Today we have a great choice for DAWs, and almost everyone is using a 64 bit operating system. Yet, there are some good reasons to use a 32 bit DAW in a 64 bit system, especially if you’ve been mixing with a DAW for years! Certainly, a 64 bit application can access a lot more memory than a 32 bit program, but just how many gigabytes do you need for editing a multitrack project?

article by Dennis J Wilkins


A test project run in a 32 bit DAW running in 64 bit Windows 7 with 116 audio tracks, all running simultaneously, along with 288 FX (mostly EQ, compressors, reverbs, and some specialized signal processors) showed RAM use of 1.6 GB, easily running in a 32 bit memory space. The disk drives streaming the audio measured 12 MB/sec, far below their streaming capacity. The computer showed total cpu usage at 25-30%, and sound was glitch free.

On a real mix project with 75 audio tracks and 25 FX, the total cpu resource measured 4-6%, and RAM use less than 500 MB. No problem at all with a 32 bit DAW. Most projects I’ve mixed need less than 50 audio tracks, and rarely more than 25 FX.

64 Bit Performance

Would using a 64 bit version of the same DAW improve “performance”? Not from my tests – cpu usage measured several ways (total cpu, real-time cpu, and latency measures with DPC Latency Test) show little change, certainly not a 2:1 improvement. On a number of such tests the 64 bit version actually used more cpu resource than the 32 bit version! Other times it was 5% to 10% more “efficient” at best. Nothing really useful.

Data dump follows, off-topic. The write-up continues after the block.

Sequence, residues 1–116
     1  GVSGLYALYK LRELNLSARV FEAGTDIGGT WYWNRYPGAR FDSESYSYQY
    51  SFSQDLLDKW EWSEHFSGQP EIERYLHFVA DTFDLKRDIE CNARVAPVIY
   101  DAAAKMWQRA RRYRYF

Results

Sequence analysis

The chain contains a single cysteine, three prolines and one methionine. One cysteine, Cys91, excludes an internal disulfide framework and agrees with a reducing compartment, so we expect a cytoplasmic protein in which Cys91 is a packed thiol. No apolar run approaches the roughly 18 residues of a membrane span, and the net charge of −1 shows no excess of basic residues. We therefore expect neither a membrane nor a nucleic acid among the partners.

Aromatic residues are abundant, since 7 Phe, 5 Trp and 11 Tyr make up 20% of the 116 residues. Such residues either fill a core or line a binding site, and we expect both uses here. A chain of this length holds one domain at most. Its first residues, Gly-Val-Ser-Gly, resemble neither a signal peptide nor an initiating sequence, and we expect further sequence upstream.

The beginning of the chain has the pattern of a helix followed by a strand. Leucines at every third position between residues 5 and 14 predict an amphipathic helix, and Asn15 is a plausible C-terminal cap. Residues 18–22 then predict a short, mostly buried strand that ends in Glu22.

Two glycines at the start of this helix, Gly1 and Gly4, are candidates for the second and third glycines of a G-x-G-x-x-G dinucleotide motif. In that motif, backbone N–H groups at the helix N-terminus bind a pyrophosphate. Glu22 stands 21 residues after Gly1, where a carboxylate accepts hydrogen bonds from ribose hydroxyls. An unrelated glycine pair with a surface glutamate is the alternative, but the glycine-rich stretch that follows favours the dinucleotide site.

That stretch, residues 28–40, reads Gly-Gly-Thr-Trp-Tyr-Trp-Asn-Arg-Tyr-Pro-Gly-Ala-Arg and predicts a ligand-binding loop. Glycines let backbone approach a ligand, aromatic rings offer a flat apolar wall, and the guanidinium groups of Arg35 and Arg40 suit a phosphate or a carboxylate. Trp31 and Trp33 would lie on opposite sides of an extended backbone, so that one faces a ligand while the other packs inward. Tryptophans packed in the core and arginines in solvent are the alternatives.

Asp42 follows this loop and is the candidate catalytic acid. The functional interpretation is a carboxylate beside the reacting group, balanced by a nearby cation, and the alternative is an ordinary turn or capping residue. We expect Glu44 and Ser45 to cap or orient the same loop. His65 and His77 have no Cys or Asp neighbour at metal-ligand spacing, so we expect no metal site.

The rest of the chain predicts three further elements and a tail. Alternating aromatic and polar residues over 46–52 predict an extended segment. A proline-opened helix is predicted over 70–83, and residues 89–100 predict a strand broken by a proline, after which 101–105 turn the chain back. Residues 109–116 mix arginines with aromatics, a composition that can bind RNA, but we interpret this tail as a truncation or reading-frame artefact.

64 Bit Downside

However, one weakness of a 64 bit DAW is that it cannot use Direct-X plug-ins. If you have been mixing awhile and have projects using older plug-ins, opening the project in a 64 bit DAW and seeing a warning that “24 plug-ins cannot be found” is not a welcome sight. You may think DX and DXi plug-ins are obsolete and not useful in the 21st century but there are some with no equivalent in a VST format, and they still sound great. But more importantly, when you pull up an old project, you want it to play as it did when you last saved it. Having to substitute a few dozen plug-ins, and try to figure settings that replicate the original project is not only time consuming, but will never exactly match the original mix.

A 32 bit DAW can load such projects and play them as last saved. And a 32 bit DAW can use 64 bit plug-ins! This may require a separate 64-32 bit bridge, but some DAWs, like Cockos REAPER, have a built-in bridge that works extremely well.

What Do You Need?

If you are relatively new to digital audio and computer based DAWs, and have a 64 bit operating system, then 64 bits is the way to go since you’ll likely be using only 64 bit plug-ins as well. But if you’ve been around awhile and have old projects made with a 32 bit DAW, especially if you used any Direct-X plug-ins, you might be wary of upgrading to a 64 bit DAW without considering the downside. And if you do install a 64 bit DAW, you may want to keep a 32 bit version around in case you need to revisit those old projects.

Dennis J Wilkins